Never make it a democratic process where you vote for the best name. Democracy is often about compromise. Do NOT compromise with the peace you and your team members should feel about your name. In democracy nobody and everybody rules. That might bring disasterous results.

    Best of luck to you, Peter. Lykke til!
    George Skee
    Follow me at GeorgeSkee.com

  5. #5
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    Hi,

    Thanks for your replies guys. They were really helpful.

    I've not set some specifications for my future business name, so now I narrowed it down, so hopefully I will be able to think of a good name in the holiday to come.

    My current company name i "Votus Web-design". When we started up this company four year ago, it was all about designing. Now for me it's turned into being also print job, web development and different kinds of consultancy. So now I know for sure that my name shouldn't be held back by "Web-design".

    I think I want a short name, five to six letters. Since I intend to keep this company small, probably only me, the .dk domain should be enough. I think maybe this time the company name should mean something. Actually "Votus" means faithfull in latin, but not that many seems to know

    I don't think it has to be name from which you're able to guess what my business does. It just shouldn't be nonsense either.

    My customers are going to be local businesses primarily. So I think it's best my name something i Danish. I don't want to scare anybody off or have them not understand my company name when I call them on the phone.

    So know I think I'm gonna go for a long walk and maybe something will come up.

    Well thanks again and happy holidays to all of you.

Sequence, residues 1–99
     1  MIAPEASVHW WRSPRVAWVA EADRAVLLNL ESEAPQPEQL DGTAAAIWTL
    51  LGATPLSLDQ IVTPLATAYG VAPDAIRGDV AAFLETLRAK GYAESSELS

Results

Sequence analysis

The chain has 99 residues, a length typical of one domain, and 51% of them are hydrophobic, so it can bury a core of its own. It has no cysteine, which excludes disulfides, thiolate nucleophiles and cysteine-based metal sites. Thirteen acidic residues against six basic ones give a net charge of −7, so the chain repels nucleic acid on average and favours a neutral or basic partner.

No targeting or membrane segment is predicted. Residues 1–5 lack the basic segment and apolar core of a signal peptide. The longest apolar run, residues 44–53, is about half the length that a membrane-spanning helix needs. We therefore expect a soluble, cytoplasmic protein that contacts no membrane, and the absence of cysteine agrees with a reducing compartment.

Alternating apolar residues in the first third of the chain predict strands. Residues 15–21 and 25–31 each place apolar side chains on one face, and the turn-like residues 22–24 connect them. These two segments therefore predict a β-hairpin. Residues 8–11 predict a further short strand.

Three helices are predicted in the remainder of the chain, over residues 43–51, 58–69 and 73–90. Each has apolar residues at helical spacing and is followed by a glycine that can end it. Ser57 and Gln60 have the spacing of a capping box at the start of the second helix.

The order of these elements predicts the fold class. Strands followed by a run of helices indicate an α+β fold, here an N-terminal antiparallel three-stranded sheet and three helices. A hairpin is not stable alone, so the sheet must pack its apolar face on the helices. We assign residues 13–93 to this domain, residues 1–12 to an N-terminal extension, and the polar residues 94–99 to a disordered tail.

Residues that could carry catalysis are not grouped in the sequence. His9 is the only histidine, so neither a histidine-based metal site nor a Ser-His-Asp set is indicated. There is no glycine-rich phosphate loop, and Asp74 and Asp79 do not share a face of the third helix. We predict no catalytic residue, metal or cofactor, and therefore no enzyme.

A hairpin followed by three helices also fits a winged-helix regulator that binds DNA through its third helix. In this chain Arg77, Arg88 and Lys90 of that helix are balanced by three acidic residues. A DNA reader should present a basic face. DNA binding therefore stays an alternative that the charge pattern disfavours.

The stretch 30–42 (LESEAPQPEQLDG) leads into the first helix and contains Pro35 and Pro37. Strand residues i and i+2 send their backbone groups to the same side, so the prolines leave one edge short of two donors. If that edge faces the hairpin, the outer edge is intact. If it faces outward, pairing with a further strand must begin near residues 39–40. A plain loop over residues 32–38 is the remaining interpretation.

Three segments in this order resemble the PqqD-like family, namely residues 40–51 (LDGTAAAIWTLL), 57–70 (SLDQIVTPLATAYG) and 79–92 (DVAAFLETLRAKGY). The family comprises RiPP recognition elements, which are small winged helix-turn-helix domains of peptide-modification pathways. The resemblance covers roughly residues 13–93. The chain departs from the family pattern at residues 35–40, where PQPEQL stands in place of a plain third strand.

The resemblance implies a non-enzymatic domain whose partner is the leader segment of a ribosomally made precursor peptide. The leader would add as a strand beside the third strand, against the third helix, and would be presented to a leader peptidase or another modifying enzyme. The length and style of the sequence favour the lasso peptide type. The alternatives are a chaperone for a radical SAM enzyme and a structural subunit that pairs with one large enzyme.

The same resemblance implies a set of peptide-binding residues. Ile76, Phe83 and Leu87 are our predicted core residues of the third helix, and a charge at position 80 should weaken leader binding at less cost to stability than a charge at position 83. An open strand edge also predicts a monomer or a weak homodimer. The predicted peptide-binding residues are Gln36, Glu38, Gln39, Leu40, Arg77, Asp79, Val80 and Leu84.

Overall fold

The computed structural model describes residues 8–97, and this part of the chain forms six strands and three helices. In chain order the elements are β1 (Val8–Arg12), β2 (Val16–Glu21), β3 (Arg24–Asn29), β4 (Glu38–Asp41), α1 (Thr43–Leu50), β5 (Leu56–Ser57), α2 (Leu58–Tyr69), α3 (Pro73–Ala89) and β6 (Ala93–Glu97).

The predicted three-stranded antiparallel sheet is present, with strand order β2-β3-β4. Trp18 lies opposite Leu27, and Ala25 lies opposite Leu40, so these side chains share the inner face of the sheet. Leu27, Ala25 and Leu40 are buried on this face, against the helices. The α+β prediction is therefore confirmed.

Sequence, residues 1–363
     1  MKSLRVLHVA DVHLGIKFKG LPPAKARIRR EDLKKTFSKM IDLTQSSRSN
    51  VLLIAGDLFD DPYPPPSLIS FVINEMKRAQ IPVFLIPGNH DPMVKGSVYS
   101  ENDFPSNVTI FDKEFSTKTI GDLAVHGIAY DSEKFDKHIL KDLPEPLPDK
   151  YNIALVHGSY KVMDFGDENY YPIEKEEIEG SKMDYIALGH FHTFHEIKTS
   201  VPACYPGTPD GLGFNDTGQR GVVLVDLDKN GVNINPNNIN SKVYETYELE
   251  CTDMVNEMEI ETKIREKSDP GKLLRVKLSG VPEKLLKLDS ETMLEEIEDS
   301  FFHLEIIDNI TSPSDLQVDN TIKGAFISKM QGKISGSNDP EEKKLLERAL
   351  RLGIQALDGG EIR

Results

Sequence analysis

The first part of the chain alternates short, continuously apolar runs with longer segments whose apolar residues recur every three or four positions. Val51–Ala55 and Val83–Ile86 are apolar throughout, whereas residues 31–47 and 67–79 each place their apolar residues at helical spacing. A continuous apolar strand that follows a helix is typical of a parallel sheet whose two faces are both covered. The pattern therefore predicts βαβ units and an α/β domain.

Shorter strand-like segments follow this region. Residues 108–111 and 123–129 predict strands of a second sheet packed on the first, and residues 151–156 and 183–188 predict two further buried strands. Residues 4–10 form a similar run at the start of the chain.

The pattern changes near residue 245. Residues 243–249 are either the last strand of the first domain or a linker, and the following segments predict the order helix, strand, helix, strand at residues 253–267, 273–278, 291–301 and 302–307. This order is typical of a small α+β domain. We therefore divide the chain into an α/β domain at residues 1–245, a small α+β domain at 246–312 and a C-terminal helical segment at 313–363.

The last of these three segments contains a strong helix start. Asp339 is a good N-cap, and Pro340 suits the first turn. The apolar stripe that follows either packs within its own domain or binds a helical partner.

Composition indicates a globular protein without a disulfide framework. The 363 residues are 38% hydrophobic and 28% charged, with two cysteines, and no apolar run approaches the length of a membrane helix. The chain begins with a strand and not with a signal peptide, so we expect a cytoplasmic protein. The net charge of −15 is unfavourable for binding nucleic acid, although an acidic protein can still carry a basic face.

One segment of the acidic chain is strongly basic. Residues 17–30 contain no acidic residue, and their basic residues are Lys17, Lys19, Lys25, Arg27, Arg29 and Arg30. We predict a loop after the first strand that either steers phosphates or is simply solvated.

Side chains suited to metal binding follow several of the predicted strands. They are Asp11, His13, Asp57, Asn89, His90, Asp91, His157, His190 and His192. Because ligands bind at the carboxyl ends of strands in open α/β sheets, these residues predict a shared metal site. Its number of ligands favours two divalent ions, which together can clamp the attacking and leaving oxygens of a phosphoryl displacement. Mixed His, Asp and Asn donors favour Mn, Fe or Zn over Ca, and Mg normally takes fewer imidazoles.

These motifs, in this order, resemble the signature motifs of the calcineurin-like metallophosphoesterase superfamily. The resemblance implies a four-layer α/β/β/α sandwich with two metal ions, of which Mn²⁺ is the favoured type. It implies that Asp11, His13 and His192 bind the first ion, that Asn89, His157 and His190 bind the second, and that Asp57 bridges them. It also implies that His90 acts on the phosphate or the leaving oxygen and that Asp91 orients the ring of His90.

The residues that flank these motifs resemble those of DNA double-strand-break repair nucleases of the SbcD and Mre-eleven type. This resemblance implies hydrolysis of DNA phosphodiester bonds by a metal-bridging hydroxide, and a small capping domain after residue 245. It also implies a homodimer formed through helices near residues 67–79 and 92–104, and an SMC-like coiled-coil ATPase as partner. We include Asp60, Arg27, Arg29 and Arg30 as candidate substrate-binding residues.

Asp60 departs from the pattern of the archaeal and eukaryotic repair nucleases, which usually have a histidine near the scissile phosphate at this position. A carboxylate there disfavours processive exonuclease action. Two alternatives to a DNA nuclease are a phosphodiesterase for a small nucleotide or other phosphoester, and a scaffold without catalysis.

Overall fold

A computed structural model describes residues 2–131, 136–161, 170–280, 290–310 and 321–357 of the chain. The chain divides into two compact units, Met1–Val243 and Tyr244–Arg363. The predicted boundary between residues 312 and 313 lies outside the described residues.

PS: Tak Pacifer
    --
    Kind regards
    Peter F. Poulsen

  6. #6
    SitePoint Guru worchyld's Avatar
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    I think the hardest part is coming up with a scrapline that uniquely identifies your business that would fit on a titlebar and on your emails, and business cards etc. I tell you that thinking of a good scrapline has been hard for me, it has to be simple and to the point.

    "Web Development Services" just doesn't cut it out these days. Web design, as Brendon will tell you isn't just about web design, but about building businesses, generating sales and increasing revenue.

    Another example,
    "Tailored Web Solutions" also sounds like you concentrate on one subject, so think hard about this.

  7. #7
    SitePoint Zealot Uzzz's Avatar
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    Quote Originally Posted by bwarrene
    Most important would be running a trademark and copyright check against the name you wish to use as well as a domain search to make sure it is available.

    so when starting a new biz, would you look for the domain name first or other way around?....and if you had to, would you use 2 different names , for domain name and copyright name.

    tired and confused

  8. #8
    Non-Member Egor's Avatar
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    It would be a bit misleading IMO to use a different domain name to your business name.

    Uzzz you are in Canada, so there's apretty descent chance a biz name you come up with will be available as a .ca

    I came up with a few (6) business names and then checked the trademark and domain availability. Although my .com was taken, I managed to get a .com.au (as I'll be dealing mainly with national clients), as well as a .net.

  9. #9
    SitePoint Zealot Uzzz's Avatar
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    ahh yes makes sense.

    hmm, now to check the trademark availability, can you do that somewhere online? last time i heard, i think there's also a fee for checking?

  10. #10
    Non-Member Egor's Avatar
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    I don't know about Canada, but over in Aus. here there are free databases of the registered business names. I would think services that are charged-for would be for checking up on a certain business and getting all the related history details. Try searching on Google.